Safe, convenient & for your protection
The Bank of Russia has just pulled off the oldest scam in the scam-book
Who or what inspired the Russian government to give control of country’s biometrics to a private enterprise partly owned by the Bank of Russia?
Maybe the World Bank?
In an article published just days before the bill was rushed (in violation of protocols) through the legislature and signed into law, Tsargrad—a pro-Putin conservative outlet—made the following observations:
Sharp criticism of the bill on biometrics was voiced at a public conference held on December 14 in Moscow dedicated to this issue. The general opinion of the speakers was that the law on biometrics is deeply unconstitutional and creates the basis for building a “digital concentration camp” in Russia. […]
The conference participants pointed to the true authors of the bill on biometrics. It fully meets the recommendations of such a globalist and deeply hostile structure to Russia as the World Bank. These recommendations are contained in a 2018 World Bank document titled “Competition in the Digital Age: Policy Implications for the Russian Federation”.
The World Bank recommended that Russia make public services fully digital, transform the education and healthcare system into a digital form. The World Bank recommendations have already spilled over into recommendations given by Russian government agencies.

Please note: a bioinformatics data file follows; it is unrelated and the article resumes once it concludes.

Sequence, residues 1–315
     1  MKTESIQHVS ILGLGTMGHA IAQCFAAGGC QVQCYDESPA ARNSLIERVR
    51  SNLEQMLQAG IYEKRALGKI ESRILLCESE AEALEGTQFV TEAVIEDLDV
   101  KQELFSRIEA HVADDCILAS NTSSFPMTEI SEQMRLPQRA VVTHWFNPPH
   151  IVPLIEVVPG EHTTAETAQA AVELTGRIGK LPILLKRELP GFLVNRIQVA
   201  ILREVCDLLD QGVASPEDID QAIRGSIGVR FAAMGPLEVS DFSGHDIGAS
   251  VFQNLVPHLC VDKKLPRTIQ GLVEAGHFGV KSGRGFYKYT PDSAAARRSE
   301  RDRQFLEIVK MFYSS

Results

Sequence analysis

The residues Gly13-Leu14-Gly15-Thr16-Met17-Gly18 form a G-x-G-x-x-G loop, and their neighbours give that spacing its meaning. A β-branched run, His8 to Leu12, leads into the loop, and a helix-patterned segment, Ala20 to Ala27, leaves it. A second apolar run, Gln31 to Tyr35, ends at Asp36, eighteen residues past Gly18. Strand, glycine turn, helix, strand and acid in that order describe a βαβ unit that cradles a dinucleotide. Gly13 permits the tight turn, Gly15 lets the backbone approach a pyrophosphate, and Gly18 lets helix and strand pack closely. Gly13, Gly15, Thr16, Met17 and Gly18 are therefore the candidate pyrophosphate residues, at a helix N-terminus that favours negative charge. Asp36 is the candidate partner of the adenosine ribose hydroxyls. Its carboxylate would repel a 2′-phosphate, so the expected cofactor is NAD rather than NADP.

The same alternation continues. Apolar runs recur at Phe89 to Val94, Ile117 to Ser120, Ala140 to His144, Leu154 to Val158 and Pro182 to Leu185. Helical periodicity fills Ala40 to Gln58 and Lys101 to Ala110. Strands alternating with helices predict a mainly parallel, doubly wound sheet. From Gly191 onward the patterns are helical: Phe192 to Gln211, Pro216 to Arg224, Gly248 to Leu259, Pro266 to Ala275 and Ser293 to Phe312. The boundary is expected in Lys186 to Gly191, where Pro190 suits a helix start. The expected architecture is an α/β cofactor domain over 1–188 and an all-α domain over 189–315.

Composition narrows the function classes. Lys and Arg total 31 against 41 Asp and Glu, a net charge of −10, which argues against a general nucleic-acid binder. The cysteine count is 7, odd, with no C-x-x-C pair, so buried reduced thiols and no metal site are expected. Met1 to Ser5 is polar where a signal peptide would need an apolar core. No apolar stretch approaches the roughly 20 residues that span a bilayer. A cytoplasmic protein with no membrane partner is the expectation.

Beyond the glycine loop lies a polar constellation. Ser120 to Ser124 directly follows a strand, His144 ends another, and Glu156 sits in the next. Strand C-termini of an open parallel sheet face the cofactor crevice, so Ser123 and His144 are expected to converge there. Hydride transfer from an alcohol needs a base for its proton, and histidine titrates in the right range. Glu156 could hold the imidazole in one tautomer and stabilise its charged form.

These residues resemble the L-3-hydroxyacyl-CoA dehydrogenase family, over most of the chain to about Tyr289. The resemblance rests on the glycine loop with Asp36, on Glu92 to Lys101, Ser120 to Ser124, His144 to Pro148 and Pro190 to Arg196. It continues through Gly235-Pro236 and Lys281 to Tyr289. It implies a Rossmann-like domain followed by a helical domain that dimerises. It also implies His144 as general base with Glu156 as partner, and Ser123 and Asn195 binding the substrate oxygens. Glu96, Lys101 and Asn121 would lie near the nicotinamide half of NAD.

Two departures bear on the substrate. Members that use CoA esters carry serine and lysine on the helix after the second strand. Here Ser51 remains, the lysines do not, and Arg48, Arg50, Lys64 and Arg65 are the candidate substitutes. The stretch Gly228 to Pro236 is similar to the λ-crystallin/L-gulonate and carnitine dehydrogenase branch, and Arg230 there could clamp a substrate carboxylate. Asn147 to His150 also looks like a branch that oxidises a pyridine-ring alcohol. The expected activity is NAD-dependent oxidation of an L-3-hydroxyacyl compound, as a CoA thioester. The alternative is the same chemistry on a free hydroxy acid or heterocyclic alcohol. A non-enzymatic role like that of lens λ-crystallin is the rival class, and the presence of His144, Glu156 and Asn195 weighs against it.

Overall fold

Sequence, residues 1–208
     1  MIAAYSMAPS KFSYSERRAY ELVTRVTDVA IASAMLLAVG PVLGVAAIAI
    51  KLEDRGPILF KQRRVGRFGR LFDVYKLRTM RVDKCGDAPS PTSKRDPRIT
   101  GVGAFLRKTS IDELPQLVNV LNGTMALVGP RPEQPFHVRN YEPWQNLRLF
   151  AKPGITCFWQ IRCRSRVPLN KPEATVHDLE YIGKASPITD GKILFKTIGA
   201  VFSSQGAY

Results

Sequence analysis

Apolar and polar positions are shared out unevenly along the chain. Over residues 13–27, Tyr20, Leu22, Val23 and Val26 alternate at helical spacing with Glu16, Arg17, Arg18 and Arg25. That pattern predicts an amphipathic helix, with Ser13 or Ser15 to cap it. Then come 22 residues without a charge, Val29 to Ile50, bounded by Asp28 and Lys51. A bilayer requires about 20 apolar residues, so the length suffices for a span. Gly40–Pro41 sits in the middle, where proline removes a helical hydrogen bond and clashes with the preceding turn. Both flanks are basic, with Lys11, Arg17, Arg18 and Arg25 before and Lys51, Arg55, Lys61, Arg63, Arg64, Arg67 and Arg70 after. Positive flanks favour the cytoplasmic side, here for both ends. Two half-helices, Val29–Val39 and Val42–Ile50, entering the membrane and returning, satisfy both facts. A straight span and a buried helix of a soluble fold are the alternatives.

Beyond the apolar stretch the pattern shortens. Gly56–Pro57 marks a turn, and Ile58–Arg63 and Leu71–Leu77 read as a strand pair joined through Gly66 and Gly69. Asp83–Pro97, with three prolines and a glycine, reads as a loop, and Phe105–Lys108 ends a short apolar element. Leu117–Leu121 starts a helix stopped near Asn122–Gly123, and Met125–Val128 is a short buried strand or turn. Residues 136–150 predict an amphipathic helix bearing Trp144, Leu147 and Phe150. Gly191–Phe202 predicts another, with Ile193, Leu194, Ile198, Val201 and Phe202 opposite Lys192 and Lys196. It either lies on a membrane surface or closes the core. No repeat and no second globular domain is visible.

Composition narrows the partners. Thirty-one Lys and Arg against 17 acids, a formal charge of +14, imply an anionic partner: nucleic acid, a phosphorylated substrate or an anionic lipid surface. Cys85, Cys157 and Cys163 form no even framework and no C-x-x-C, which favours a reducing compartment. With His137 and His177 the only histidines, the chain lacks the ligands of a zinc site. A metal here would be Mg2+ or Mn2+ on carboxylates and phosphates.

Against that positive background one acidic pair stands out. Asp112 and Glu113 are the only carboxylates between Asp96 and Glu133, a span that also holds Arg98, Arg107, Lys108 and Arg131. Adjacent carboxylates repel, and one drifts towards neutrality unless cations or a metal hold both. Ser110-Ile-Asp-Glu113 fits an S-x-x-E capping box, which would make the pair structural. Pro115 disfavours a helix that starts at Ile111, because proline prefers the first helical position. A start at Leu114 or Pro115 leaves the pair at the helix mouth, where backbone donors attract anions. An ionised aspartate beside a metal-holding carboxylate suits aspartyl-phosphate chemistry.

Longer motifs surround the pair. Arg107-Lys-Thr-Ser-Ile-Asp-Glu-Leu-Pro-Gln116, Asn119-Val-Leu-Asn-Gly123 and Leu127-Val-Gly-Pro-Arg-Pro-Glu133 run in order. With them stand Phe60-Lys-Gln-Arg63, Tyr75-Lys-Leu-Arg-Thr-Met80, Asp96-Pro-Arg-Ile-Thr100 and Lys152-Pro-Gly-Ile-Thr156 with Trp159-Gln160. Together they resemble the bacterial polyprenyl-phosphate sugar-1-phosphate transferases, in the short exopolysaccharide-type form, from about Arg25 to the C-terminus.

In its 2018 report, the World Bank said Russian financial institutions were “driving the adoption of a national digital ID system” in the country.
The World Bank was particularly impressed by Russia’s trailblazing “biometric solutions,” for example, “the biometric identification platform recently piloted by Rostelecom that enables clients to open a bank account remotely.”
The report urged policymakers to create a regulatory framework that would “foster partnerships in the digital finance ecosystem, including the public sector.”
The “biometric identification platform” piloted by Rostelecom is known as the Unified Biometric System (UBS). Created in 2018 in partnership with the Bank of Russia, UBS was initially billed as a “safe and convenient” way for Russians to remotely open bank accounts or apply for loans.
The bill that Putin signed into law on December 29 paves the way for UBS to be used in all aspects of life—what you might call a “national digital ID system.”
What does this mean?
It means the Unified Biometric System is the ultimate slow-boil scam; a scam of exquisite vintage, aged in scam-oak and stored in the World Bank’s deepest, darkest scam-cellar.
A masterful slow-boil
To fully appreciate how Russians are being slowly boiled alive in a giant cauldron of “safety and convenience,” all you have to do is go back to 2018 when UBS was first introduced as a safe and convenient and World Bank-endorsed way to apply for a loan.
Announcing the creation of UBS in June 2018, Vedomosti wrote:
The state seems to have figured out how to provide services without requiring a citizen to present an original passport to verify identity. From July 1, the Unified Biometric System will be launched in Russia, where Russians will be able to submit images of faces and casts of voices if they wish. […]